Electronic Book Review just published an article I wrote with Dave Thomas, on cave space in video game ecology.
Parts of this article are a companion to my 2007 Digital Humanities Quarterly article on the 1970s text computer game Colossal Cave Adventure.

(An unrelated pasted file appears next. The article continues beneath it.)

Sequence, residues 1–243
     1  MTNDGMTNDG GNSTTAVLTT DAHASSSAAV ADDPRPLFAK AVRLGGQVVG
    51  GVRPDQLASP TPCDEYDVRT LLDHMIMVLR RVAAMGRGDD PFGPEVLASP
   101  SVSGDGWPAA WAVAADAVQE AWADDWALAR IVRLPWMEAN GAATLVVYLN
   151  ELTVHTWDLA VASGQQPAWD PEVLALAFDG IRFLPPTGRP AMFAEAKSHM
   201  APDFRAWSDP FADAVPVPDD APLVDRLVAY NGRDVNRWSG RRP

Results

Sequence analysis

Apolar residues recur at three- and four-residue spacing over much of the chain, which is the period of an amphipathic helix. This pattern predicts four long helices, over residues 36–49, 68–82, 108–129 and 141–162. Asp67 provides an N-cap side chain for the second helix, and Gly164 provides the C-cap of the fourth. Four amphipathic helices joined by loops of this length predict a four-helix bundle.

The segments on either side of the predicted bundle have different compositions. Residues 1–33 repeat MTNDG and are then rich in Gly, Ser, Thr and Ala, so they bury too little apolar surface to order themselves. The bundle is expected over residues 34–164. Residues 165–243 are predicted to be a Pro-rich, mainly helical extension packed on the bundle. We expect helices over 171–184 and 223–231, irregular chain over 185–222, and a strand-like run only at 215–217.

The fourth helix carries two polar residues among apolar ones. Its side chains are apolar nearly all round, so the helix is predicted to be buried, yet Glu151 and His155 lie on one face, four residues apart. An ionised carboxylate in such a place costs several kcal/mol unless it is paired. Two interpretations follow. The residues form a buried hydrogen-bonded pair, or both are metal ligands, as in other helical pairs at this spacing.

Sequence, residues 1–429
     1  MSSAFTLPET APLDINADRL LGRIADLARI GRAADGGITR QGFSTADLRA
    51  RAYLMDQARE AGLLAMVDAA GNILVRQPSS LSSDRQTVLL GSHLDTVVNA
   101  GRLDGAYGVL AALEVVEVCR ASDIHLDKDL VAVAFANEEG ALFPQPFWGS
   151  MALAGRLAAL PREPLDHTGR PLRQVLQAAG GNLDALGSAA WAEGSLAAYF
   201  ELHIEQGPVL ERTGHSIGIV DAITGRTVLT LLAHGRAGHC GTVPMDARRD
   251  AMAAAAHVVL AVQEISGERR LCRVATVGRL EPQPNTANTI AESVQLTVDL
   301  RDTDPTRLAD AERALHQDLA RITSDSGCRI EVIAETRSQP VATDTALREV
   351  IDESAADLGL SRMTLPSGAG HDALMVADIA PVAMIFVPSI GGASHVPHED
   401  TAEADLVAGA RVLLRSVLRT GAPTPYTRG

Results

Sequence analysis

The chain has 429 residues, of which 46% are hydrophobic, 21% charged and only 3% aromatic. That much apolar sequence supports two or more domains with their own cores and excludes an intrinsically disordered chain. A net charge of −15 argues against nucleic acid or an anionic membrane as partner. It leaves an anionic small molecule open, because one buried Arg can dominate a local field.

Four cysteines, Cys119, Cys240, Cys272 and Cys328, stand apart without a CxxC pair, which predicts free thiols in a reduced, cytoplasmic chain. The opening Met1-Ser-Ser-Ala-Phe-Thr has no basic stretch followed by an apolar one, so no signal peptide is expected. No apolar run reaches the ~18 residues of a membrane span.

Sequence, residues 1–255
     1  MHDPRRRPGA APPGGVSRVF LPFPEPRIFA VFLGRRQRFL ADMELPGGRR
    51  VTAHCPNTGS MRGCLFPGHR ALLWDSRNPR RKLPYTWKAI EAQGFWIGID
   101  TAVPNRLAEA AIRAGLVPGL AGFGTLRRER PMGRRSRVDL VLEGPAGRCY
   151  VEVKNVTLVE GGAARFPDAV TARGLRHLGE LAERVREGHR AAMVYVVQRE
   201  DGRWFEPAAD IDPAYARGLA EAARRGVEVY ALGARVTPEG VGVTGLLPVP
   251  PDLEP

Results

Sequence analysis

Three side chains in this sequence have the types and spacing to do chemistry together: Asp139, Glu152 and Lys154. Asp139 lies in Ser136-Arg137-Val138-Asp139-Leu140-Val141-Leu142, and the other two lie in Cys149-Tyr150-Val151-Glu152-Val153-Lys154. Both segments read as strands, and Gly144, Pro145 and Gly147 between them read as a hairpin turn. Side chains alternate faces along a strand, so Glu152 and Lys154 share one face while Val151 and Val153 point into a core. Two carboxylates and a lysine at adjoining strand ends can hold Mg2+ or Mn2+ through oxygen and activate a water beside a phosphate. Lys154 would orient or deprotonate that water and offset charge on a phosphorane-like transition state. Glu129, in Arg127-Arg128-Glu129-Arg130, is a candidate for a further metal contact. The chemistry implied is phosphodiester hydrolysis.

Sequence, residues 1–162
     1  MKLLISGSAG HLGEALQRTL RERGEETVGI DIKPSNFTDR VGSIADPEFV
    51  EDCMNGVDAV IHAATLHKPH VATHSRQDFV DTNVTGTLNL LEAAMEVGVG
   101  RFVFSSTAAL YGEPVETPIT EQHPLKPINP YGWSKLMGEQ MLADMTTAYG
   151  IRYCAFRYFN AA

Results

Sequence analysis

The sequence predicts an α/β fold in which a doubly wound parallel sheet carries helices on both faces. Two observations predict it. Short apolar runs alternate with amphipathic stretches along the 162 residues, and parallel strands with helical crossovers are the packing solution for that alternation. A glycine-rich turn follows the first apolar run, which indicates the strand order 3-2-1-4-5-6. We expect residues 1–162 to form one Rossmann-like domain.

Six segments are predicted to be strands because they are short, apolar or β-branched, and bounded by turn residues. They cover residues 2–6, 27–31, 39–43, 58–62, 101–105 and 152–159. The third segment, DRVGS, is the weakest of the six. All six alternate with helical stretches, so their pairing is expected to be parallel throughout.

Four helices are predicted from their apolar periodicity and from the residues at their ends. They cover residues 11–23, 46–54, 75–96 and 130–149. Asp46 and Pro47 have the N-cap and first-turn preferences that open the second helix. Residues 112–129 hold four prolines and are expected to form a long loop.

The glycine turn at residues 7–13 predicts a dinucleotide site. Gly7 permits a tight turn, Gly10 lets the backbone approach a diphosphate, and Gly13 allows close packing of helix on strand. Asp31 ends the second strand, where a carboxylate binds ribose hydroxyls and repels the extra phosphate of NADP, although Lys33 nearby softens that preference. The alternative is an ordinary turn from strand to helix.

Crowther’s translation of real world caving experience into the digital medium provides a precise bridge between the cave as environment and the cave as game design metaphor. The decision to represent the player’s caving experiences in a text-based format was practical, owing to the limited graphics capabilities of early computers, the difficulty for potential players to gain access to such computers, and the comparative ease of programming a textual interface rather than visually representing the game’s topography. When considering the impact that Adventure has had on game design since, the connecting of cave space to videogame space remains a moment of importance that, perhaps, mirrors the significance of Pat Crowther’s discovery of a narrow passage linking two vast, sprawling networks, previously perceived as unconnected.